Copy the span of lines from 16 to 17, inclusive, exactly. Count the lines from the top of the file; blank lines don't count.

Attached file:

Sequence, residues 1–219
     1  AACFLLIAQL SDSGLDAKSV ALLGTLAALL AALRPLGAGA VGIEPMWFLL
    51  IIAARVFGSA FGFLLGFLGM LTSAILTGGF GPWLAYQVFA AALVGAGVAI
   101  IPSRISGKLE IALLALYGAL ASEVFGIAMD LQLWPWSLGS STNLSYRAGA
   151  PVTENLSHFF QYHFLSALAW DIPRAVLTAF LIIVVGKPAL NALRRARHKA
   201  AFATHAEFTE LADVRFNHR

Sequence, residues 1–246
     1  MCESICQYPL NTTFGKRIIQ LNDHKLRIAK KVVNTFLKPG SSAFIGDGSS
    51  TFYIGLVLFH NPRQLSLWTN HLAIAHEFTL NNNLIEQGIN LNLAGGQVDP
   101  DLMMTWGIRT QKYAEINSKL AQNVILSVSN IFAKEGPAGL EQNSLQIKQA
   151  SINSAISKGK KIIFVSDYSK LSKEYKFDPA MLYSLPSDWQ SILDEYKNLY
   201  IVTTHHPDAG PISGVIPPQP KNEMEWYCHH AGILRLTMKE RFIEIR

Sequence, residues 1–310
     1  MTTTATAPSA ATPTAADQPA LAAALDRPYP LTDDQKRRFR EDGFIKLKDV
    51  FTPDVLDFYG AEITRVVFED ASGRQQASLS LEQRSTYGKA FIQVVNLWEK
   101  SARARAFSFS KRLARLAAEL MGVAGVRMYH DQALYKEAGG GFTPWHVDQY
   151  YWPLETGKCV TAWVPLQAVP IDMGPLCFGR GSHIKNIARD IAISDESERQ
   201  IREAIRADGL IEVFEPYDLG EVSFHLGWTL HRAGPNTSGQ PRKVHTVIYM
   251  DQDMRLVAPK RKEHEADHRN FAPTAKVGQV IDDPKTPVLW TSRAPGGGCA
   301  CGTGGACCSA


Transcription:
   101  SARARAFSFS KRLARLAAEL MGVAGVRMYH DQALYKEAGG GFTPWHVDQY
   151  YWPLETGKCV TAWVPLQAVP IDMGPLCFGR GSHIKNIARD IAISDESERQ